Ye blog of Adam Wright

DIY, tutorials, stuff for geeks, all updated when I have the time to spare.

Monthly Archives: May 2011

SSH error “Server refused our key” and how to fix it

I was getting this error for awhile when trying to use an authentication key in Putty to connect to an Ubuntu Server machine:
Server refused our key.

Long story short, the problem lies within my home directory being encrypted when I’m not logged in. Read below for further explanation.

The solution is to move the authorized_keys file location outside the home folder so the SSH daemon can access it even when you’re not logged in:

  1. sudo mkdir /etc/ssh/publicSSHkeys # Create a folder for public SSH keys
  2. sudo mv ~/.ssh/authorized_keys /etc/ssh/publicSSHkeys/ # Move the authorized_keys file there
  3. sudo nano  /etc/ssh/sshd_config # Modify sshd_config to the new location
    change this… “AuthorizedKeysFile    %h/.ssh/authorized_keys
    to this… “AuthorizedKeysFile    /etc/ssh/publicSSHkeys/authorized_keys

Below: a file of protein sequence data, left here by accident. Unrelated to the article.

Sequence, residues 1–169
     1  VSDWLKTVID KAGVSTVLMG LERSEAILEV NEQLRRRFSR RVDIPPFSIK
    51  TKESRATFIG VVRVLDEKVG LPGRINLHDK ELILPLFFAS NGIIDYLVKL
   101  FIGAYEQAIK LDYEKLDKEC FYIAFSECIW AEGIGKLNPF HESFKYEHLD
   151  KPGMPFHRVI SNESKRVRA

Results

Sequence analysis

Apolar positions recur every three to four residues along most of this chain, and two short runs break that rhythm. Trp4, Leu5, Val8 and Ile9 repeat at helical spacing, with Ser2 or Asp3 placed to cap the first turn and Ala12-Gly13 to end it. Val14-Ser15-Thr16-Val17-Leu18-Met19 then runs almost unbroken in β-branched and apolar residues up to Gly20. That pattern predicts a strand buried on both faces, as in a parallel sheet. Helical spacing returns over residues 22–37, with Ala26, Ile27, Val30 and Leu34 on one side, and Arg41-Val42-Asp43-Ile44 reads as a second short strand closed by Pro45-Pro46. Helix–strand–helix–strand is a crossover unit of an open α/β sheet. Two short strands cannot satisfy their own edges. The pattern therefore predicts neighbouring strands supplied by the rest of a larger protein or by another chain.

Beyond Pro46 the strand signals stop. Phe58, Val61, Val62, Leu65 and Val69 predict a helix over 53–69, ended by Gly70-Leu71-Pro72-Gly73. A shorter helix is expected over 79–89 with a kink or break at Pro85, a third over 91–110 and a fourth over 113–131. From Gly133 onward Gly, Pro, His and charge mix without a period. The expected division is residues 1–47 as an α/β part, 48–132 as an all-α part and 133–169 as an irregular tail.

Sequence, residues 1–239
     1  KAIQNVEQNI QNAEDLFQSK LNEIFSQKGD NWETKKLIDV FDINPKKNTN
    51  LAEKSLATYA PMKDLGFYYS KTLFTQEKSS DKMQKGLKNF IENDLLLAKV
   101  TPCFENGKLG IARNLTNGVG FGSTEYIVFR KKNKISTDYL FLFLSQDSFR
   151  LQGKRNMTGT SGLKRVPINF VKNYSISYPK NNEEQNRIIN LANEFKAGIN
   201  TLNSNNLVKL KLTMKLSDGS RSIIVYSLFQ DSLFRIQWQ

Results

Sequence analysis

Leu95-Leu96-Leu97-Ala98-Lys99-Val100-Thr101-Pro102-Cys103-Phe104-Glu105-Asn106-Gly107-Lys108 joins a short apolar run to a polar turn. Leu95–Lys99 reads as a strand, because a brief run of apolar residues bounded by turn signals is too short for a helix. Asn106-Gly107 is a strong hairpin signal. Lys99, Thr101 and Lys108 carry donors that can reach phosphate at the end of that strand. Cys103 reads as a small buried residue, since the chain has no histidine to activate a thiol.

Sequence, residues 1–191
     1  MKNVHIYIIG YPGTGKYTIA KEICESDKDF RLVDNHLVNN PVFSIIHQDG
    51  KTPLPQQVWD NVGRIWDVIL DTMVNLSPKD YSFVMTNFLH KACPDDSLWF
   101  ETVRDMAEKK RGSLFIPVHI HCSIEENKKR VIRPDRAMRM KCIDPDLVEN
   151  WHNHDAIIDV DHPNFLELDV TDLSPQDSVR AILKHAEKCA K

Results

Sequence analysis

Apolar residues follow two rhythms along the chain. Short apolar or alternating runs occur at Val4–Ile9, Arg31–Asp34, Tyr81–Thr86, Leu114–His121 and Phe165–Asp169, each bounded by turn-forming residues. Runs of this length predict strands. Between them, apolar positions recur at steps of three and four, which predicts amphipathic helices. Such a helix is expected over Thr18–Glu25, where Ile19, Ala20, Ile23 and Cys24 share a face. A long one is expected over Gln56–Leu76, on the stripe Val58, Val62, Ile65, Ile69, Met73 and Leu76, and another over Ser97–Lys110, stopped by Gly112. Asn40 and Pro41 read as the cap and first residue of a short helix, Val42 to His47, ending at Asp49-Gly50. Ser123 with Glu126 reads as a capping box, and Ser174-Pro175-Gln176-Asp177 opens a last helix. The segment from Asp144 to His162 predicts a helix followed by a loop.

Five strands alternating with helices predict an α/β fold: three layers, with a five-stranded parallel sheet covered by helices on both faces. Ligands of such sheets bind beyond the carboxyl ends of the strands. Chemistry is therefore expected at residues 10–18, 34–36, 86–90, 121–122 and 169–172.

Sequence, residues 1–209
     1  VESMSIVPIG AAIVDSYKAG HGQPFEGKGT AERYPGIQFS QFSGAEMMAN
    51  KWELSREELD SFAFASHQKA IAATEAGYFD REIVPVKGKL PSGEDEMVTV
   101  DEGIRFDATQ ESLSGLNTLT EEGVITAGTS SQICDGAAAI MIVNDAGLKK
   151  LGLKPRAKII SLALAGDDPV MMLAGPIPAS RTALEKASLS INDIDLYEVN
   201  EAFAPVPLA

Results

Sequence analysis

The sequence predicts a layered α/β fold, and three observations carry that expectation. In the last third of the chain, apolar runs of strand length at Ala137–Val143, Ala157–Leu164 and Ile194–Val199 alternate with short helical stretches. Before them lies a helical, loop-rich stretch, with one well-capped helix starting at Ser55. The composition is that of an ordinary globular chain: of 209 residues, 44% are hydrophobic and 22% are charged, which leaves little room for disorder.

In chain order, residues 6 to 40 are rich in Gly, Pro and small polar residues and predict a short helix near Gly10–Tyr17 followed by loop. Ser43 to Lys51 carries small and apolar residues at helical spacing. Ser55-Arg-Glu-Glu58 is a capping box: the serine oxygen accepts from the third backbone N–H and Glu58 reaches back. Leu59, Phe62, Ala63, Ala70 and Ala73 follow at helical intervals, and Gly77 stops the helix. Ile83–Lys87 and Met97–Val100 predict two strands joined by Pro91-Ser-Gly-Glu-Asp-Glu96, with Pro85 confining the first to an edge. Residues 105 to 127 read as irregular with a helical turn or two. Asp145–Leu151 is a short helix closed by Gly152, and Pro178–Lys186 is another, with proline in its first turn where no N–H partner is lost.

NOTE: Sometimes the “AuthorizedKeysFile” variable is commented out, so remove the number sign if it is (Thanks to Frank for the tip!).
  4. sudo service sshd reload # Then you just need to reload the server
  5. You’ll still need to make sure your public key is in /etc/ssh/publicSSHkeys/authorized_keys, and your SSH client (in my case Putty) is loading your private key. There are numerous SSH key tutorials on the webernets.

Automatic home directory encryption is an option when installing Ubuntu systems (both desktop and server), and I recommend using it. I like knowing that, if I’m not logged in, my home directory is encrypted. However, this means that any server or daemon that requires access to a file or folders in your home directory will fail if you’re not logged in. Keep that in mind.

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